Simpson from a guilty verdict. O.J. Simpson became an example of racial tension
and an inequality in the justice system (Rieder, 2014). Simpson also became a
trademark in the African American community as a positive example of a black
man who had overcome being unfairly prosecuted. Although throughout his career
Simpson spent much of his life distancing himself from the black community. Many
African-Americans still saw the former running back and actor as a pioneer and
cultural icon. It sent a powerful message to African Americans who weren’t able
to fight back against a system that was frequently unfair, and unjust. It gave
many African Americans hope that one day they too can overcome obstacles that
come along with being black.

            The 1995 O.J. Simpson murder trial was one of the most documented
moments in recent US history (Babb, 2014). He opened many doors for surrounding
figures in the trial that later took on a celebrity level of fame for it. The
most common example is Robert Kardashian who was one of his attorneys. During
this time media was much less pervasive and back then it was uncommon for media
to only focus on one story. This was the first time people
were able to see so much information and media attention on just one person. So
many of those trends now play a huge part in our everyday lives. We took the positive
out of something negative and evolved into something greater. Almost two decades
later and we now have a 24-hour news cycle, a seemingly never-ending stream of
reality tv shows, and a high demand for celebrity gossip to captivate the
public’s attention (Babb, 2014). This would not have been initiated if it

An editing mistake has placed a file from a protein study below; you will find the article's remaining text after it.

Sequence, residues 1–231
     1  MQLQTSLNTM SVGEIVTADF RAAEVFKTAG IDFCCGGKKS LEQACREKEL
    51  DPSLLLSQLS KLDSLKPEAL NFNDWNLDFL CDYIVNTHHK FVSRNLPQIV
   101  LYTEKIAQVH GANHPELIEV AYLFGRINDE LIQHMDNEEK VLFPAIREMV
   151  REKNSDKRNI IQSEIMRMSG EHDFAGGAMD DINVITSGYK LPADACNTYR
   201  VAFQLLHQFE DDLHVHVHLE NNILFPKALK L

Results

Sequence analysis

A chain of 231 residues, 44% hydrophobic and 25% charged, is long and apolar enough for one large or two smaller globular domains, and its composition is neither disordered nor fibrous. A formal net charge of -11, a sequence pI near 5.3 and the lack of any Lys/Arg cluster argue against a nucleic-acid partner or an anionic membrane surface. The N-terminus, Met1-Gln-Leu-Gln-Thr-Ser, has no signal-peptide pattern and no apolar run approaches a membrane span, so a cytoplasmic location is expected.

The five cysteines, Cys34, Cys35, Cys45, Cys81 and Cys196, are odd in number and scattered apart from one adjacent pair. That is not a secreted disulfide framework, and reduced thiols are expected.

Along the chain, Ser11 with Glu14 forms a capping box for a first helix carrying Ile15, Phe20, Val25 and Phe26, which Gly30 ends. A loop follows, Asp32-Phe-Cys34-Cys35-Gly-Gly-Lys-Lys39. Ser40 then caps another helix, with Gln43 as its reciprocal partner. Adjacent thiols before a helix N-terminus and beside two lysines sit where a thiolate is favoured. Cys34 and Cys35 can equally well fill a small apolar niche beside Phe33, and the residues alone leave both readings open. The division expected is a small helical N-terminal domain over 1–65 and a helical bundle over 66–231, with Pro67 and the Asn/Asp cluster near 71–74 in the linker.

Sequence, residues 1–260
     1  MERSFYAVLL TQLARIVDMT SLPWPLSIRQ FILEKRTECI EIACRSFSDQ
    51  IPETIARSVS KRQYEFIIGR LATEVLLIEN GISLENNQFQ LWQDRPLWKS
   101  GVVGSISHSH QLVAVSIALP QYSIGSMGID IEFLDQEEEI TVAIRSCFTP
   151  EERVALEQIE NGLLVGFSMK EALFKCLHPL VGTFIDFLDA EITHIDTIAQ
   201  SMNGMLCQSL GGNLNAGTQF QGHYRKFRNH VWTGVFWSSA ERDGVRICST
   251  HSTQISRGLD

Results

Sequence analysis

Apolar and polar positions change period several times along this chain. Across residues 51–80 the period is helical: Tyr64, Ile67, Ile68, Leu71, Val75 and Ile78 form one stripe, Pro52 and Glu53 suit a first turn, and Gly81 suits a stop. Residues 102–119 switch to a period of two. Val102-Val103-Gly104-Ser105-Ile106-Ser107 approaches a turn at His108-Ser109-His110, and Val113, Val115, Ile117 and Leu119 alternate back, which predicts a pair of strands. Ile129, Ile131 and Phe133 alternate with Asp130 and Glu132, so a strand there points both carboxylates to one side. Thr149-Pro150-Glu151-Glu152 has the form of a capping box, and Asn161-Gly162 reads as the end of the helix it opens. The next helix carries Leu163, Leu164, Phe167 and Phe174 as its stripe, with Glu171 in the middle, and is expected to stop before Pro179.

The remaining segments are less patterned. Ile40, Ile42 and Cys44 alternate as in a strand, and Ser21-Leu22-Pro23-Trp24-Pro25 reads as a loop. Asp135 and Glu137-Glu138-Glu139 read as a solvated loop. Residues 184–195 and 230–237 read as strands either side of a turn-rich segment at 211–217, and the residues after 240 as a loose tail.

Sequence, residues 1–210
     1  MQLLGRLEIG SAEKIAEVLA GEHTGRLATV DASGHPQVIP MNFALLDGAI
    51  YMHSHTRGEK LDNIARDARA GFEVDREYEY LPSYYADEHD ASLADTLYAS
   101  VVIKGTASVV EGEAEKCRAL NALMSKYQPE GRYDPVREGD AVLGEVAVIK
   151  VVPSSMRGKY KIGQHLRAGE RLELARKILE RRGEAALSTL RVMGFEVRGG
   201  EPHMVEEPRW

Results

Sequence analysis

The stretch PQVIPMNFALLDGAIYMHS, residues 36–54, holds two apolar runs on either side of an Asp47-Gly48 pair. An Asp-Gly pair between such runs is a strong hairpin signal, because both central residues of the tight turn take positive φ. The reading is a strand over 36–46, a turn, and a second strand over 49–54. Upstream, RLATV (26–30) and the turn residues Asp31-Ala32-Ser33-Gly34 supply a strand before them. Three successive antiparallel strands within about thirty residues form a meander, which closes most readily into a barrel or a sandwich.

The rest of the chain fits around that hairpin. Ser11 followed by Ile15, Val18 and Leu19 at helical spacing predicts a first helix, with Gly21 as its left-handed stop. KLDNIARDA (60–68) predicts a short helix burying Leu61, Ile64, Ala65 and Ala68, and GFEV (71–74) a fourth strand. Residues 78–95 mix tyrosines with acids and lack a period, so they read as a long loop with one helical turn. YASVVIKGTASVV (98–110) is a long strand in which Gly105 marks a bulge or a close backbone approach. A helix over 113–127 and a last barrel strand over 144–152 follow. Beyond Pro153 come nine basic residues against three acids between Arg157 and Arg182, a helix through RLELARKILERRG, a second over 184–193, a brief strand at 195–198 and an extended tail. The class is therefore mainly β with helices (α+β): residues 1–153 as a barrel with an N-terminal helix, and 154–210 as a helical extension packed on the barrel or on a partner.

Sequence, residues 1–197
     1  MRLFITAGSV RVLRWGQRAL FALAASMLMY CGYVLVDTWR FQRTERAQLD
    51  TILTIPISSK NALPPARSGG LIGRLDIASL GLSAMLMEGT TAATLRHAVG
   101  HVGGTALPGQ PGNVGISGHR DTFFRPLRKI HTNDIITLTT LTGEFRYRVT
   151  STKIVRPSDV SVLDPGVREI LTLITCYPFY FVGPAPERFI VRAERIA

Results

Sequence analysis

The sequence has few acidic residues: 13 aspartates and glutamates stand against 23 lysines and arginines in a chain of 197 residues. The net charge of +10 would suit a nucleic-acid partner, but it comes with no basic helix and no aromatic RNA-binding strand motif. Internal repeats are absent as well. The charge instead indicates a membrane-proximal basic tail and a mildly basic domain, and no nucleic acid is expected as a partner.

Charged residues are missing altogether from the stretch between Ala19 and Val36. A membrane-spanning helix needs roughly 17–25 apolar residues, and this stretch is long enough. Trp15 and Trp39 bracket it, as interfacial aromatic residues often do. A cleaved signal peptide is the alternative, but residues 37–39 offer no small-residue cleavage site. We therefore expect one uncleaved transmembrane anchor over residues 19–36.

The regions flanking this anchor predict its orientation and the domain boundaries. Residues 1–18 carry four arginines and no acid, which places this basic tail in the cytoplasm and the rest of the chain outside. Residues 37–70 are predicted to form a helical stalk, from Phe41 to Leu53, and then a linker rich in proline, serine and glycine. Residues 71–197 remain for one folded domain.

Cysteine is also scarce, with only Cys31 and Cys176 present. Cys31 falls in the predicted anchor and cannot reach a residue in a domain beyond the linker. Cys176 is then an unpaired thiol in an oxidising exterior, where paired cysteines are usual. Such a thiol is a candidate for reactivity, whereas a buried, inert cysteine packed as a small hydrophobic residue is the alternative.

wasn’t for the O.J. Simpson trials which opened the doors for many new ideas in
the news and entertainment industry.

way Simpson took over the media left a lingering impact on the world’s media
and entertainment that we still see today. This started many trends that we have
grown to love over time. Media outlets now cover every aspect of a person’s
life no matter how meaningless it may be. The media also has a strong influence
on how the world perceives breaking news. If something happens no matter how
big or small, it all depends on how the media covers the story. Reality tv also
became popular once television and broadcasting realized how much people
enjoyed watching real-life scenarios instead of just scripted ones. This was
the start of an entirely different media landscape which is still progressing
right now. Back then people would have never thought the idea of turning news into
entertainment would turn it into a revolution.

            The O.J. Simpson trial also made the world more aware of the
use of DNA evidence. The trial demonstrated it could be available to everyone and
there were a few people who watched the O.J. Simpson trials who saw that as an
opportunity. Many wrongfully convicted inmates began to use DNA evidence to prove
their innocence. Two members of Simpson’s defense team, Barry Scheck, and Peter
Neufeld, had earlier founded the Innocence Project which has helped overturn
316 convictions, including some that led to the death penalty (Swiechicki, 2014).
This trial is yet another example of how America turns its lemons into lemonade.